A wheat supplier based in the United Arab Emirates (UAE) cannot be held liable for additional costs incurred by a federal public procurement agency in sourcing wheat at a more expensive price after the original supplier failed to fulfil the contract, ruled judges at the Federal High Court.

Failure to deliver the wheat by the winning bidder, Promising International Trading Co., led the Public Procurement & Property Administration Agency to suspend the company from participating in any public procurement bids in Ethiopia for one year. Promising, however, contested this at the Federal High Court.

Promising International won a bid two years ago to supply 200,000tn of wheat for 52 million dollars and signed a contract with the Public Procurement & Property Disposal Service (PPPDS). However, as Promising was getting ready to ship the wheat, the Ethiopian Shipping & Logistics Services Enterprise (ESLSE) marked up the shipping price from the amount agreed upon for its winning bid. The contract document dictated that ESLSE carry out shipping of all milling wheat.

Promising had asked the Service, which is accountable to the Ministry of Finance, for permission to shift to another shipper; in the contract, this was only possible upon receipt of a waiver from the ESLSE. The Service claims to have secured the waiver from the shipping company and agreed in a new contract for the defendant to supply the wheat for 2.6 million dollars less than the initially agreed upon amount. After the unexpected increase in shipment fares by the Enterprise from the initially quoted amount, Promising said it had asked the PPPDS for a waiver from ESLSE to change to the second quoted shipment. Though the Service claimed to have sent the waiver, Promising's lawyers maintained that their client had never been notified.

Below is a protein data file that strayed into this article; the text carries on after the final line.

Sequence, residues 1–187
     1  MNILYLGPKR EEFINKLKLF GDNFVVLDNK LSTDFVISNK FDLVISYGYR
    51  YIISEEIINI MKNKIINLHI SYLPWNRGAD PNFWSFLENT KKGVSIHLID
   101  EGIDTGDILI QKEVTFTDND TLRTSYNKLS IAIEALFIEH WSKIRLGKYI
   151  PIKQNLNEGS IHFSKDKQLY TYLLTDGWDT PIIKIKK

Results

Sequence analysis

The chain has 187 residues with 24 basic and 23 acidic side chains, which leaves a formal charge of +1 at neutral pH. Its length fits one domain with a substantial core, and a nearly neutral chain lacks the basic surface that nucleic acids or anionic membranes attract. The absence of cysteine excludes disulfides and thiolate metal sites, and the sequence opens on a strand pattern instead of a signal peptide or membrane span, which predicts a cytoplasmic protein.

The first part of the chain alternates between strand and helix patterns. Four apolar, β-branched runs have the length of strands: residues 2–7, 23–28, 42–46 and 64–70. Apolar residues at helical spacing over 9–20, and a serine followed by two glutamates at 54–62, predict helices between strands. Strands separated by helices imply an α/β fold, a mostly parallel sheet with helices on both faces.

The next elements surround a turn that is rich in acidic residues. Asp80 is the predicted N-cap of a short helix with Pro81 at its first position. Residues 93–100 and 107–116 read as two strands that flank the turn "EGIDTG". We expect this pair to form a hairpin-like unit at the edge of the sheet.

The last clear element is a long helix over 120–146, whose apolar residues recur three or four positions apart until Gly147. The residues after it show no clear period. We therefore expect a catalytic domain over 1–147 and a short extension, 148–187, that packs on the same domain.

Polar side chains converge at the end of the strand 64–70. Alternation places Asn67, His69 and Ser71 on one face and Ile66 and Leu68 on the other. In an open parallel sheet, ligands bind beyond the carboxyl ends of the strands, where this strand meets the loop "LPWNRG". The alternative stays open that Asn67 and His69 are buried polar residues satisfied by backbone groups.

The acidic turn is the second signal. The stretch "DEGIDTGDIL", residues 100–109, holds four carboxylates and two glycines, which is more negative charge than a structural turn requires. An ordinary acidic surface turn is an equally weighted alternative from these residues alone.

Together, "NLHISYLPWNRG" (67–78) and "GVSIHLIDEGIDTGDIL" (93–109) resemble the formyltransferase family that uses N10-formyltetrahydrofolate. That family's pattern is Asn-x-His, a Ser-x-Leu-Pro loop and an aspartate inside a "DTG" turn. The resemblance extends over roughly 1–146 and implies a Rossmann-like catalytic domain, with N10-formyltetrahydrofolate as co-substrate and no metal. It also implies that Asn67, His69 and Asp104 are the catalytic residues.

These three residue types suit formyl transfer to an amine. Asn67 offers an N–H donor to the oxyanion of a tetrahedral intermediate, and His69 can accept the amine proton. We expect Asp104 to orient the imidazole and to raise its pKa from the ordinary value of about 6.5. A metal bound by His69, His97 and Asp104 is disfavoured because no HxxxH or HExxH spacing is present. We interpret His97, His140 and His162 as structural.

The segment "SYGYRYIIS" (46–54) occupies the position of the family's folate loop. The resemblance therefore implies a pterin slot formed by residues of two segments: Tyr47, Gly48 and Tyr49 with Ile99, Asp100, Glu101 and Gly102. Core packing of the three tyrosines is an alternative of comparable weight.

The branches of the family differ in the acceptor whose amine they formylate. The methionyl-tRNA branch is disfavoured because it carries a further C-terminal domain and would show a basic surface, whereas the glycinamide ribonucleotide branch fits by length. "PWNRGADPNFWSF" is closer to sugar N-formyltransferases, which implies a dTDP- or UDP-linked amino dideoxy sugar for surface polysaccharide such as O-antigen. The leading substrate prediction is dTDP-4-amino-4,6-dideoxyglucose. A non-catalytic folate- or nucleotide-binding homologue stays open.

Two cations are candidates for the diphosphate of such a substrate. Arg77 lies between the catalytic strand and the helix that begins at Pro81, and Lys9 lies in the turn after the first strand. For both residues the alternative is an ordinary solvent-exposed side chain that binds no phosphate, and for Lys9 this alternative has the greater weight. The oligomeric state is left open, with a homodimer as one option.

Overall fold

The dispute reached the Federal Supreme Court Cassation Bench, which finally ruled that Promising was not liable for failing to deliver, resulting in the company being removed from the blacklist.

Due to the non-performance, the Service was then forced to conduct another procurement contract for the same amount of wheat with a purchasing price of 55 million dollars.

It instituted a case in July 2019, appealing to the Federal High Court, claiming that Promising should reimburse the five million dollars additionally incurred, along with interest. Lawyers representing Promising denied the existence of an alternative contract that brought down the original contract value by 2.6 million dollars. They argued their client had not received any notification on the granting of a waiver; nor was there any evidence presented to support either claim.

The Federal High Court, presided over by Judge Endale Tadesse, ruled that Promising is not accountable for the five million dollars sustained as a result of an act of negligence on the part of the PPPDS.

The litigation has already brought damage to the reputation and goodwill of Promising International, claims Biniyam Kebere, a lawyer who represents Promising.

“We've sustained irreparable damage to the good name of the company due to the suspension placed on us," Biniyam told Fortune. "It was us that should've asked for compensation."

Lawyers who represent PPPDS have yet to appeal against the ruling. Its officials were not available for comment when Fortunereached out to them.

PUBLISHED ON Mar 27,2021 [ VOL 21 , NO 1091]

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